Perhaps not accidentally, the Duma last month began looking into the legality of sitting governors forming political parties. Federal law forbids “civil servants” from engaging in “political activity”–though it is unclear whether or not the prohibition extends to elected regional executives. Federal lawmakers also approved the second reading of a bill which would strengthen political parties, giving those candidates on party lists the right to run simultaneously in single mandate districts. Under the current legislation, candidates who occupy the top three places of a party’s federal list cannot run in any of Russia’s 225 electoral districts.


Expectations that the All Russia congress in St. Petersburg would result in a grand alliance of regional leaders met with disappointment. Luzhkov declined an invitation to attend the congress, although he did send a representative who delivered a message proposing cooperation among the three parties. Voice of Russia leader Titov, who did attend the congress, said that such an alliance would be “desirable.” To varying degrees, All Russia’s leadership also expressed support for such an alliance, although not everybody is enamored of the idea of Luzhkov’s Otechestvo simply devouring the other two parties.

It is perhaps for this reason that Ingushetian President Aushev suggested that All Russia would consider supporting former Prime Minister Yevgeny Primakov. Primakov–who, despite repeatedly announcing that he has no intention to run for president, still leads in most public opinion polls. Shaimiev, for his part said he favors working with Luzhkov, though he added that certain regional leaders need to “overcome their personal ambitions.” Analysts say that uniting the three electoral blocs will prove difficult due to competing agendas.

Movements like All Russia and Voice of Russia, observers say, don’t have a chance of winning the 5 percent of the vote necessary to place candidates from their party lists in the Duma–and therefore must count on winning seats from single mandate districts. Luzhkov’s Fatherland, on the other hand, has the support of between 10 and 15 percent according to most public opinion polls, meaning the Moscow mayor has an interest in preserving the current party list system. Most polls predict that Zyuganov’s communists, Luzhkov’s Fatherland and Yavlinsky’s Yabloko will be the only parties to clear the 5 percent barrier in December’s elections.

“Luzhkov is already playing in the same league with Zyuganov and Yavlinsky as a national party leader,” Piontkovsky said. “He is not interested in scrapping the party list system.”

There is also very little uniting Russia’s regional leaders other than the desire for more influence. “There is no ideology of regionalism or federalism in Russia, just a desire on the part of the governors to gain more power and influence,” said the Carnegie Center’s Ryabev, adding that no grand alliance among regional leaders is likely in the near future, given the uncertainty in Russian politics as Yeltsin’s term nears its end.

“The governors sense that everything is in flux,” said Ryabev. “No real political alliance will be formed among them until it is clear who will emerge on top when Yeltsin passes from the scene.”


As Russia’s elites jockey for place in the post-Yeltsin world, the president himself appears unwilling to fade from the political scene. Meanwhile, Luzhkov’s political star has fallen in almost direct proportion to the president’s recent revival–and the Kremlin has been increasingly taking measures to cut the Moscow mayor down to size. Following last August’s ruble devaluation Yeltsin was noticeably weakened and was forced to temporary cede much of his power to then Prime Minister Primakov, who enjoyed the backing of the communist-dominated Duma. At this time, the country’s political elite began to openly talk about the post-Yeltsin era–with Primakov and Luzhkov considered the leading contenders to take over the presidency.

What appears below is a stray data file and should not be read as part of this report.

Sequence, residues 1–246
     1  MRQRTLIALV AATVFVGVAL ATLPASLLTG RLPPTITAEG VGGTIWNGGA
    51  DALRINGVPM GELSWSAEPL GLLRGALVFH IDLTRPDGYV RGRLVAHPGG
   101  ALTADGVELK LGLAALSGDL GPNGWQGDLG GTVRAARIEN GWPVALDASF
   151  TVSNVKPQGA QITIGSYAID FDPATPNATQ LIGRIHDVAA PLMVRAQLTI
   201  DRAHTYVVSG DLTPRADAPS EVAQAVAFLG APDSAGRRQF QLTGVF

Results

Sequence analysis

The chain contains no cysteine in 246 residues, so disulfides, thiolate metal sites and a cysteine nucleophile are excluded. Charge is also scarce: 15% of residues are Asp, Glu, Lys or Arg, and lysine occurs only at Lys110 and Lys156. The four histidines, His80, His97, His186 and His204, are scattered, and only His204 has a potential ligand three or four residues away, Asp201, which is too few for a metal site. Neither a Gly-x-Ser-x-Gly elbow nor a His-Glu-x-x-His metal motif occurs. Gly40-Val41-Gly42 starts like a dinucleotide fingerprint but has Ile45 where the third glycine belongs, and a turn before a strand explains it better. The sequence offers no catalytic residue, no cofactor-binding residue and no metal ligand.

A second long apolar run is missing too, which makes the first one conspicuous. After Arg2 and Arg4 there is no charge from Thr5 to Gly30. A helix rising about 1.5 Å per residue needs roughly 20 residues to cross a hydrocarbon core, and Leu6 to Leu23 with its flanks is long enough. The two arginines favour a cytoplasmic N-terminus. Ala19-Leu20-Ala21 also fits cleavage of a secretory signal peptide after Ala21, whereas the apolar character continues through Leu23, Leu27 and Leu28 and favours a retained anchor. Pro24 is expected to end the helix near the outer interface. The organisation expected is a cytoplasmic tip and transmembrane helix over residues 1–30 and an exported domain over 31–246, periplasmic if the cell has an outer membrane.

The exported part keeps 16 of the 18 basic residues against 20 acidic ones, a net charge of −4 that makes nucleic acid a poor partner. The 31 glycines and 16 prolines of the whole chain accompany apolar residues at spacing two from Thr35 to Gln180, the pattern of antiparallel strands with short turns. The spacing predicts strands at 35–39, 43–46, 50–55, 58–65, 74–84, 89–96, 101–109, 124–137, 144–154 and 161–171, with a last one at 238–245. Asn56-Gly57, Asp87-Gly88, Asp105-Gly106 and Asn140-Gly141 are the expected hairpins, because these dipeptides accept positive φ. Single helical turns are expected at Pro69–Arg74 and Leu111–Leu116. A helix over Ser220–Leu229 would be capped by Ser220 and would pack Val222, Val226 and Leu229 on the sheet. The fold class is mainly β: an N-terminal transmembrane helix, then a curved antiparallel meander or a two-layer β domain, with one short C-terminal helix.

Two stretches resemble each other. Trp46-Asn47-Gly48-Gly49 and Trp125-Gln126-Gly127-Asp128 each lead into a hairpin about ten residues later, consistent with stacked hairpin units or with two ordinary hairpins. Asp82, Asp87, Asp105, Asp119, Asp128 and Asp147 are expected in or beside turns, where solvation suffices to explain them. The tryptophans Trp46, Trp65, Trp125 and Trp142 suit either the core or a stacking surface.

But since Yeltsin re-established himself in power last month–firing Primakov, surviving an impeachment attempt by the Duma and forcing his nominee for prime minister, the loyal Sergei Stepashin, through the lower house of parliament–regional leaders have been increasingly backing away from the Moscow mayor.

Having disposed of Primakov, the Kremlin is now setting its sights on Luzhkov.

According to media reports, the Kremlin inner circle, widely referred to as “The Family”–which includes Yeltsin’s daughter Tatyana Dyachenko, tycoon Boris Berezovsky, Sibneft oil executive Roman Abramovich, former Kremlin chief of staff Valentin Yumashev and current Chief of Staff Aleksandr Voloshin–would either like to keep Yeltsin in power beyond June 2000, or handpick a successor who would allow them to keep their privileges. The unpredictable and fiercely independent Luzhkov does not fit the bill. Shortly after disposing of Primakov, the Kremlin set its sights on the Moscow mayor.

In late May, a letter from Zhirinovsky to Yeltsin, arguing that the post of Moscow mayor should be eliminated and replaced with a federally appointed “minister for Moscow affairs,” was leaked to the media. The letter argued that Luzhkov was becoming too powerful because he has under his control a vast assortment of police and security personnel in the capital. The “Zhirinovsky letter” and its subsequent leak was hardly an accident. Zhirinovsky, the so-called ultranationalist and bad boy of the State Duma, has been carrying the president’s water for years–displaying the most pro-Kremlin voting record in the lower house of parliament.

Following the letter, Luzhkov responded immediately. Speaking at a meeting of private security firms, he said that confidence in Yeltsin’s leadership has all but disappeared. Luzhkov then warned the Kremlin against any unconstitutional power plays which might be in the works. “If [the Kremlin’s] actions overstep the framework of the Constitution, we will do everything possible to oppose them,” said Luzhkov.

The Kremlin has also initiated a campaign against Luzhkov in the media. In the June 1 issue of the influential magazine “Vlast,” an unidentified Yeltsin aide was quoted as saying that the Kremlin’s main tasks in the upcoming State Duma elections were to minimize the number of mandates received by the Zyuganov’s Communists and Luzhkov’s Otechestvo. The weekly also reported that the Kremlin was engaged in a whole series of measures against Luzhkov–including pressuring Shaimiev and other regional leaders into not supporting Luzhkov, squeezing the capital’s finances to decrease mayor’s public support and releasing “kompromat” (compromising material) against Luzhkov.

Luzhkov and Yeltsin have always had a complex and uneasy political relationship–cooperative when it suits both parties, hostile when their interests diverge–although the two have never openly gone to war against one another. Should they decide to do so now, the results will likely determine Russia’s post-Yeltsin political landscape.

Brian Whitmore is a political reporter and columnist who covers city politics for the “St. Petersburg Times.” He is also a doctoral candidate in the Department of Government and International Studies at the University of South Carolina.